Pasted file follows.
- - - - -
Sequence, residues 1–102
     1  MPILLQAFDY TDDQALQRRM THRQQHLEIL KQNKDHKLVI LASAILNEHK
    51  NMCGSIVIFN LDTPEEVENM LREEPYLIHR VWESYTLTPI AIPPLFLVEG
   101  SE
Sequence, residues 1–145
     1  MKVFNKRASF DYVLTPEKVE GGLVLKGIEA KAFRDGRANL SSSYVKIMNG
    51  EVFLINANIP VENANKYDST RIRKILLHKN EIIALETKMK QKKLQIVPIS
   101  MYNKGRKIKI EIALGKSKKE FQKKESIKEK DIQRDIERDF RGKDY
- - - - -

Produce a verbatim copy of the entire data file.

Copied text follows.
Sequence, residues 1–102
     1  MPILLQAFDY TDDQALQRRM THRQQHLEIL KQNKDHKLVI LASAILNEHK
    51  NMCGSIVIFN LDTPEEVENM LREEPYLIHR VWESYTLTPI AIPPLFLVEG
   101  SE
Sequence, residues 1–145
     1  MKVFNKRASF DYVLTPEKVE GGLVLKGIEA KAFRDGRANL SSSYVKIMNG
    51  EVFLINANIP VENANKYDST RIRKILLHKN EIIALETKMK QKKLQIVPIS
   101  MYNKGRKIKI EIALGKSKKE FQKKESIKEK DIQRDIERDF RGKDY